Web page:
Annals of Indian Academy of Neurology
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CASE REPORT
Year : 2016  |  Volume : 19  |  Issue : 3  |  Page : 385-387

Intractable epileptic spasms in a patient with Pontocerebellar hypoplasia: Severe phenotype of type 2 or another subtype?


Division of Child Neurology, University of Arkansas for Medical Sciences, Little Rock, Arkansas, USA

Correspondence Address:
Debopam Samanta
1 Children's Way, Little Rock, Arkansas-72202
USA
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Source of Support: None, Conflict of Interest: None


DOI: 10.4103/0972-2327.168629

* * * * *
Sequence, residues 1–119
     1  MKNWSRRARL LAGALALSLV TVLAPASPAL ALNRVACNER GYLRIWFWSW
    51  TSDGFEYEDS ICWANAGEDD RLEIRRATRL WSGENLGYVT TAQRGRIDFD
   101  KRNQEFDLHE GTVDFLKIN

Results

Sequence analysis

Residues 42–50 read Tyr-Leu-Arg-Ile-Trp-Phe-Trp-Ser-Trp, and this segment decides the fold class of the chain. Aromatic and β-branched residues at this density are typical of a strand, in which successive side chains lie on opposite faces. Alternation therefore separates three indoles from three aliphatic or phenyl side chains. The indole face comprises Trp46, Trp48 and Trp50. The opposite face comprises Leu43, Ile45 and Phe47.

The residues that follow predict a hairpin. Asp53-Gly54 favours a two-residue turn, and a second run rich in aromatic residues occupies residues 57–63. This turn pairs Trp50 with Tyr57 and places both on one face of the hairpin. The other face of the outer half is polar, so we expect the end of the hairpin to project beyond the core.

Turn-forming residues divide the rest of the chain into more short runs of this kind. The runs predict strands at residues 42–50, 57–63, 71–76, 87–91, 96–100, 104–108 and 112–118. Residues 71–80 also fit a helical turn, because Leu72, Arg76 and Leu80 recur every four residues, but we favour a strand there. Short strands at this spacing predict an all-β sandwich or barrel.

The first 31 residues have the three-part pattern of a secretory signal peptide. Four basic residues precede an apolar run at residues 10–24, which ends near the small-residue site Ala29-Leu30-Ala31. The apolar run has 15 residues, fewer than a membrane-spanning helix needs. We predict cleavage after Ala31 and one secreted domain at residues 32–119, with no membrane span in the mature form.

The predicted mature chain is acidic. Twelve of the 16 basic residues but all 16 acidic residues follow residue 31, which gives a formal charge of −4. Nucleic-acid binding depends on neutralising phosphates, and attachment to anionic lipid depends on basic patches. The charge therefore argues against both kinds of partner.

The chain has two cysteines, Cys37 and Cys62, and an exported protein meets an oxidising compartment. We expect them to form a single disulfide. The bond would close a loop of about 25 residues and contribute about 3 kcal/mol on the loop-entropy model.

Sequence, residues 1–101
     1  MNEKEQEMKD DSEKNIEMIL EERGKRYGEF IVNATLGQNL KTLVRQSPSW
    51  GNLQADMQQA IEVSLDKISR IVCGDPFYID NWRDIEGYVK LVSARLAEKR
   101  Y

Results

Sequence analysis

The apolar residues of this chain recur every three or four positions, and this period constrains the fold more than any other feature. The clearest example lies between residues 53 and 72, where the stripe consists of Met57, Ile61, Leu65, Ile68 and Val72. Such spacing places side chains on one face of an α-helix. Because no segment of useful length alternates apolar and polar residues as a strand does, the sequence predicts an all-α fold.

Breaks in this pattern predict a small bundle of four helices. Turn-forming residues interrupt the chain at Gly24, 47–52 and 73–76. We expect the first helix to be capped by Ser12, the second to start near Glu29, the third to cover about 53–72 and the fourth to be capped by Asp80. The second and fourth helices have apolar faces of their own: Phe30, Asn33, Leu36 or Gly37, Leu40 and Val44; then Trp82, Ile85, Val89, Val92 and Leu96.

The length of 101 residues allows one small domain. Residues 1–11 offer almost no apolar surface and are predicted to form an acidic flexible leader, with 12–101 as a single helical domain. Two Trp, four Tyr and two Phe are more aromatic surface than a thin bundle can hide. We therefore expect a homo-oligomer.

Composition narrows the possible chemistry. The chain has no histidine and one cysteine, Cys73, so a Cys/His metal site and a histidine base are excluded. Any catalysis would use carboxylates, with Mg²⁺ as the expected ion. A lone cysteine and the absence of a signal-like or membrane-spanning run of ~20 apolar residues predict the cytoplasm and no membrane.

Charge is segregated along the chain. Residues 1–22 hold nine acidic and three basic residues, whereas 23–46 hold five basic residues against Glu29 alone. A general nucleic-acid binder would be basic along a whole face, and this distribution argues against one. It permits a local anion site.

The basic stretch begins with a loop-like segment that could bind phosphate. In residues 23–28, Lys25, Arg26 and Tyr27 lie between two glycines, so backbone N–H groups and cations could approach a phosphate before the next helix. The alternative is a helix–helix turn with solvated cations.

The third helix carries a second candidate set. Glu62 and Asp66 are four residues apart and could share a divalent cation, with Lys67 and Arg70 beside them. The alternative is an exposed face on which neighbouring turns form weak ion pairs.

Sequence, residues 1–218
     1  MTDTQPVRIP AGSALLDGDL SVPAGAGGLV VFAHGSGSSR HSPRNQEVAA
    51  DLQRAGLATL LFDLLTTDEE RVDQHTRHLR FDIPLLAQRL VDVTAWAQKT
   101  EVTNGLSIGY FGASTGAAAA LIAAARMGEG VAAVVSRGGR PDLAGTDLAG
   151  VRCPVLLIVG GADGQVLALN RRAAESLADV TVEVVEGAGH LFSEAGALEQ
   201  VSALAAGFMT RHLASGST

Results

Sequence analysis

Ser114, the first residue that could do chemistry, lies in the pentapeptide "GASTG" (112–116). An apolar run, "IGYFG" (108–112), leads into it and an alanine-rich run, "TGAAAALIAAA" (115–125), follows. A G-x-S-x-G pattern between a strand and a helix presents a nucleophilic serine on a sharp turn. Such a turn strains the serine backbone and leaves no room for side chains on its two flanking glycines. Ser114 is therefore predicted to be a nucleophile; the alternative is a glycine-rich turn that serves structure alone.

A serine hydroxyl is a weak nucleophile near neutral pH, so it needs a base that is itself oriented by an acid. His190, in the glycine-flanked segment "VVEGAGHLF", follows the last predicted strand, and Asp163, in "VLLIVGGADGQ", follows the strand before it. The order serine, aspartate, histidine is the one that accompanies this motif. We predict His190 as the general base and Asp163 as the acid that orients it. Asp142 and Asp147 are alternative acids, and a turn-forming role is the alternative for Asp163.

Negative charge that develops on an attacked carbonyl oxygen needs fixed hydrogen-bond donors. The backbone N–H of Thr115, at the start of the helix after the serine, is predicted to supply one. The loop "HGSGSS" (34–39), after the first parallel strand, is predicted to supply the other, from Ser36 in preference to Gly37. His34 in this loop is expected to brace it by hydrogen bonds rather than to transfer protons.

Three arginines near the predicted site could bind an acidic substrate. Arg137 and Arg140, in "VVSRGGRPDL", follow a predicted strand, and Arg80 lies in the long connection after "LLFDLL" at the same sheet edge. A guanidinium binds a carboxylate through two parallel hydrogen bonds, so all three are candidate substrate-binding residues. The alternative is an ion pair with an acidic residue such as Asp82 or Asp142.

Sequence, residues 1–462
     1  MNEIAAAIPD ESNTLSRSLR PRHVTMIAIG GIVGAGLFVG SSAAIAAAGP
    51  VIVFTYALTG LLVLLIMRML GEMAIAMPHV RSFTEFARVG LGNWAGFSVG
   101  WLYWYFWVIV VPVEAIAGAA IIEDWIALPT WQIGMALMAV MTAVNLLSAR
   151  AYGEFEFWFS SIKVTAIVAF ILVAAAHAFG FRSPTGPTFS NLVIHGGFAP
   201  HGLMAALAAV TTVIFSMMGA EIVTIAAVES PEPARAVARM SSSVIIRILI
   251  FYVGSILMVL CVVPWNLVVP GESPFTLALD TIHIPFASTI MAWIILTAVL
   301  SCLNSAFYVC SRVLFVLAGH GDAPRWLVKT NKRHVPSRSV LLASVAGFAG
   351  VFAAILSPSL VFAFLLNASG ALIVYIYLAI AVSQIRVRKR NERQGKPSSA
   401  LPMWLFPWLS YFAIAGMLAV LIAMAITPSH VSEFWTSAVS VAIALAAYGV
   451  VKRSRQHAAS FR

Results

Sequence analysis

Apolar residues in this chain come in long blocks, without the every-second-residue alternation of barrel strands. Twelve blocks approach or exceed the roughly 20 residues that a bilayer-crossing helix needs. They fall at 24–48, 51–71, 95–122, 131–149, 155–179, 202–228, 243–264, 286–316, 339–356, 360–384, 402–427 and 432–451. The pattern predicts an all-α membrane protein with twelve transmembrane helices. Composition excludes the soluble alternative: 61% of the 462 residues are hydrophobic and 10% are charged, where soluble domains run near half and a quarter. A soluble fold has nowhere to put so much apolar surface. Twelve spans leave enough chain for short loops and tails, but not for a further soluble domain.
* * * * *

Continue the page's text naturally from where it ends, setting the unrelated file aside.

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Introduction: Pontocerebellar hypoplasia (PCH) involves a diverse range of etiologies including a group of single gene disorders. Mutations in the tRNA splicing endonuclease complex (TSEN) 54 gene can be responsible for PCH type 2, 4 and 5. The more common and less severe PCH 2 phenotype is caused by homozygosity for the common missense mutation A307S, while the severe phenotype seen in type 4 and 5 is caused by compound heterozygosity of the A307S mutation along with a nonsense or splice site mutation. Report: We report a 4- month-old girl who presented with epileptic spasms that remained intractable to several antiepileptic medications. Magnetic Resonance Imaging (MRI) brain showed fairly severe hypoplasia with superimposed atrophy of the cerebellum and brainstem with prominent extra-axial fluid spaces. Extensive metabolic testing was negative. Commercial testing for PCH via TSEN54 gene revealed missense mutation of Ala307Ser. A novel sequence variant, designated c.17_40 del, was also found and was predictive of an in-frame deletion of eight amino acids. Follow-up over 2 years revealed intractable epileptic spasms, progressive microcephaly and development of prominent choreoathetosis. Conclusion: This case report describes a rare case of PCH with overlapping features of the less severe PCH2 and the more severe PCH4/5 phenotype. It also adds another new entity in the list of genetic conditions where West syndrome and pontocerebellar hypoplasia can be seen together, emphasizing the need for further investigations of the genotype-phenotype correlation of mutations in order to advance our understanding of the pathophysiologic mechanism in these rare conditions.


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